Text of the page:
A patent classification is a system for examiners of patent offices or other people to code documents, such as published patent applications, according to the technical features of their content. Patent classifications make it possible to quickly find documents disclosing earlier disclosures identical or similar to the invention for which a patent is applied for.
One of the main advantages of patent classifications is that they enable searching of documents of different languages by using the codes (classification symbols) of the system, rather than words. Patent classification systems were originally developed for sorting paper documents, but are nowadays used for searching patent databases.
A patent classification is fixed under an agreement among people, otherwise it is useless. The International Patent Classification (IPC) is agreed internationally. The United States Patent Classification (USPC) is fixed by the United States Patent and Trademark Office (USPTO). The Derwent classification system is fixed by an enterprise. The German Patent Classification (DPK) was fixed by the German Patent Office (Deutsches Patentamt).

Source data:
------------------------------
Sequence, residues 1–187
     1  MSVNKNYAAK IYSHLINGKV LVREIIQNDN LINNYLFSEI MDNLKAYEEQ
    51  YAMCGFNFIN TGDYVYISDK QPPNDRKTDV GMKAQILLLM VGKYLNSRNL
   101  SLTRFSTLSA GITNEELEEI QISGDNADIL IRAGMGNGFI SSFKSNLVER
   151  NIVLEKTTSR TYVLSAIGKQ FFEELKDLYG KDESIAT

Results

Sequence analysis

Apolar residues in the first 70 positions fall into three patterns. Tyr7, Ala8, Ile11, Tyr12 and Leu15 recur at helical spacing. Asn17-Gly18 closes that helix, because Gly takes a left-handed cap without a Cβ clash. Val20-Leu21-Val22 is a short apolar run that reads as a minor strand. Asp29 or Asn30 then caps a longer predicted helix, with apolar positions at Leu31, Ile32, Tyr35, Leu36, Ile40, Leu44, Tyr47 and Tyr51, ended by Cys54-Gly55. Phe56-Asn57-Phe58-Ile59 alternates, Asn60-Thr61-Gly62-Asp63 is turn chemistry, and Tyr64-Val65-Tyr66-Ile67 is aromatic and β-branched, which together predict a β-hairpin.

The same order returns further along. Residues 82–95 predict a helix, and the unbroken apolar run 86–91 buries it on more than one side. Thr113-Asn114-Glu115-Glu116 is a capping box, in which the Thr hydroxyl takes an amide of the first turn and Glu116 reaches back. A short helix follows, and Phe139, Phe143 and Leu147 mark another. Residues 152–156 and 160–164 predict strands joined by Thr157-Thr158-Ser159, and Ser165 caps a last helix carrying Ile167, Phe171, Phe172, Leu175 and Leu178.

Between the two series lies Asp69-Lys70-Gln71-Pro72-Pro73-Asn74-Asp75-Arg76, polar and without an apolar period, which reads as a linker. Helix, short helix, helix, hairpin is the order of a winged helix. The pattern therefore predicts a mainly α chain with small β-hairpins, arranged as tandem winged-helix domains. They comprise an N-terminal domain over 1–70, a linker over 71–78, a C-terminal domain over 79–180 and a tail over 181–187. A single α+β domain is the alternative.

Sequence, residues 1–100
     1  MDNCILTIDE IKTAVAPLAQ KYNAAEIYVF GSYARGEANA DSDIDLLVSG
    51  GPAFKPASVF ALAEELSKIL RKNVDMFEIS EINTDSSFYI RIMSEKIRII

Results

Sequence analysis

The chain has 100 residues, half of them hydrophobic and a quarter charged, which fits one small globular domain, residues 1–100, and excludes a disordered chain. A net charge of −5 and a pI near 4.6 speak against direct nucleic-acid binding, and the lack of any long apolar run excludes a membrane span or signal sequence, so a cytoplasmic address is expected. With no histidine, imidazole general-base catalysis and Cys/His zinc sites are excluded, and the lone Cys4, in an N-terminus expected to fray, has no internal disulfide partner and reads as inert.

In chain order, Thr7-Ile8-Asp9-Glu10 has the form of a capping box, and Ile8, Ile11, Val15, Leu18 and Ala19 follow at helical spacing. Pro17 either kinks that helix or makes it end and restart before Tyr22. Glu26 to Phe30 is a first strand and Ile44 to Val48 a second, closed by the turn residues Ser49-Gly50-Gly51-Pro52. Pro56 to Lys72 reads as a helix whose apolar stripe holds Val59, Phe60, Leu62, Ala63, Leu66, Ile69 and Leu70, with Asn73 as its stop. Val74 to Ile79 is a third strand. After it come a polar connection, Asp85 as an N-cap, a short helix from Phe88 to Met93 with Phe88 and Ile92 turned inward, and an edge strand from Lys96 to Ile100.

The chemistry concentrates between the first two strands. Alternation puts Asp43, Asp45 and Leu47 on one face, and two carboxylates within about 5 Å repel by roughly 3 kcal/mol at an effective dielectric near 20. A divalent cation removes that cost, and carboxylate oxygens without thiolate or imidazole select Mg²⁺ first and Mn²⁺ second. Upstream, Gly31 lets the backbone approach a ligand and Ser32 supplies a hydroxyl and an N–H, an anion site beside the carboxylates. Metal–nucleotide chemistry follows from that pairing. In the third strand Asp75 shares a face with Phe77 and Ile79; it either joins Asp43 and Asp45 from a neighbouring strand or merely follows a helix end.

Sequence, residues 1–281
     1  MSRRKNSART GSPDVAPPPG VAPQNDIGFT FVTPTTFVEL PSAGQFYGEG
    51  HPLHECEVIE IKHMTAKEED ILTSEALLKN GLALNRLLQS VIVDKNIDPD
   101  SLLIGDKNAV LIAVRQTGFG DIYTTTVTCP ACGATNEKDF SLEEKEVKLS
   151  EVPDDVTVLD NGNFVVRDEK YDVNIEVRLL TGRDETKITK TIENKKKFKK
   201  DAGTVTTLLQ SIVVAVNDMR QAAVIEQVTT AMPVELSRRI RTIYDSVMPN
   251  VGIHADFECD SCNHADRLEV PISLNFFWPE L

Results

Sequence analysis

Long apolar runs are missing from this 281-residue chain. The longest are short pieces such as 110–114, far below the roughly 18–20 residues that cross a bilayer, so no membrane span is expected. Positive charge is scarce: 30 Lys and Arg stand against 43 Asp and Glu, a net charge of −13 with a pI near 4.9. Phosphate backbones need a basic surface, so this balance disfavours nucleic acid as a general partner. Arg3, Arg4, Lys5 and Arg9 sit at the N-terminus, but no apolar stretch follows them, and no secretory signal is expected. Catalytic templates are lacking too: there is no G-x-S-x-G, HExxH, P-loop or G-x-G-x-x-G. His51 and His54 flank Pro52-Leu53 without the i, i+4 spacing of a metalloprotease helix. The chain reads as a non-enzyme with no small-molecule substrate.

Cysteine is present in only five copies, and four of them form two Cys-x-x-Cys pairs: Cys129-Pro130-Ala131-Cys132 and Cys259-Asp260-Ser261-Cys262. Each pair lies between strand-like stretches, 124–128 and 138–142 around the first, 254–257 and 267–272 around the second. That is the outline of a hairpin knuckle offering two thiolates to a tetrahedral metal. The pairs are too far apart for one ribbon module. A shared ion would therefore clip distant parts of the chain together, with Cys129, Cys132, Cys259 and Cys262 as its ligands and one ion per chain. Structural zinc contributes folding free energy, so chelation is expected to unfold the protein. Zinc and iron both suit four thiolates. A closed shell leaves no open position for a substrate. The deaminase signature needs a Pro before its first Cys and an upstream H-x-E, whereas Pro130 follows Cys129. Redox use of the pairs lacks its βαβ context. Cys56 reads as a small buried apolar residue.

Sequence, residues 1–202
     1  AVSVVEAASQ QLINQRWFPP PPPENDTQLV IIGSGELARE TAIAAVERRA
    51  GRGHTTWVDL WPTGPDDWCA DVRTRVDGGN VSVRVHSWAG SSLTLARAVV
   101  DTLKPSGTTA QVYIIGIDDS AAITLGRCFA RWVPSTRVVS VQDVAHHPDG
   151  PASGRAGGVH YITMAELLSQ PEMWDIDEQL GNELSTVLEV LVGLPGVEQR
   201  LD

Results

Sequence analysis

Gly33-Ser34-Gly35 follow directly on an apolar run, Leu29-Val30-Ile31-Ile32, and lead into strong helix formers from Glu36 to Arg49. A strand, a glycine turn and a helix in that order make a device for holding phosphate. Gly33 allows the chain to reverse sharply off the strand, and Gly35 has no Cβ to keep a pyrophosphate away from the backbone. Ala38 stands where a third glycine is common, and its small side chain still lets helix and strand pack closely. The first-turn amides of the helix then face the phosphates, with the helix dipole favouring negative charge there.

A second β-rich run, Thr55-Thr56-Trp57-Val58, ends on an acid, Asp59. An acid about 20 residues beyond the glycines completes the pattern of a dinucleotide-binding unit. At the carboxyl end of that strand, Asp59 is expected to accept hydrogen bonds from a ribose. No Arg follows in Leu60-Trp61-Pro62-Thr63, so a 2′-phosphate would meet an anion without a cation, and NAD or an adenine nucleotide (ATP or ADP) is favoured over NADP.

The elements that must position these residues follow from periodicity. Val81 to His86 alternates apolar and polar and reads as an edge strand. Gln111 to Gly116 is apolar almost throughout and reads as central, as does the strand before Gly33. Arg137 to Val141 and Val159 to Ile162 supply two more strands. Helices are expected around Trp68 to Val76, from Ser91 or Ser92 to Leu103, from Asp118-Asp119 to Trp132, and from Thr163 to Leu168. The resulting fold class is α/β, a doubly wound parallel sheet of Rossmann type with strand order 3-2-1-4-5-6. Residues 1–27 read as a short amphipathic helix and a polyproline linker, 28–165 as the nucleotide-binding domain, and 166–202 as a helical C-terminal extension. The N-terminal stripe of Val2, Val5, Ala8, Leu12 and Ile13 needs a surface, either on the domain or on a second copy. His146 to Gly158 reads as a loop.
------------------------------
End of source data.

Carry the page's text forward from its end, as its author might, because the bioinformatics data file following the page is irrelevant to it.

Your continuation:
In October 2010, the European Patent Office (EPO) and USPTO launched a joint project to create the Cooperative Patent Classification (CPC) in order to harmonise the patent classifications systems between the two offices. CPC from 2013 replaces the European Classification (ECLA), which was based on the IPC but adapted by the EPO.
- Patent classification by the British Library (archived page)
- Cooperative Patent Classification (CPC)
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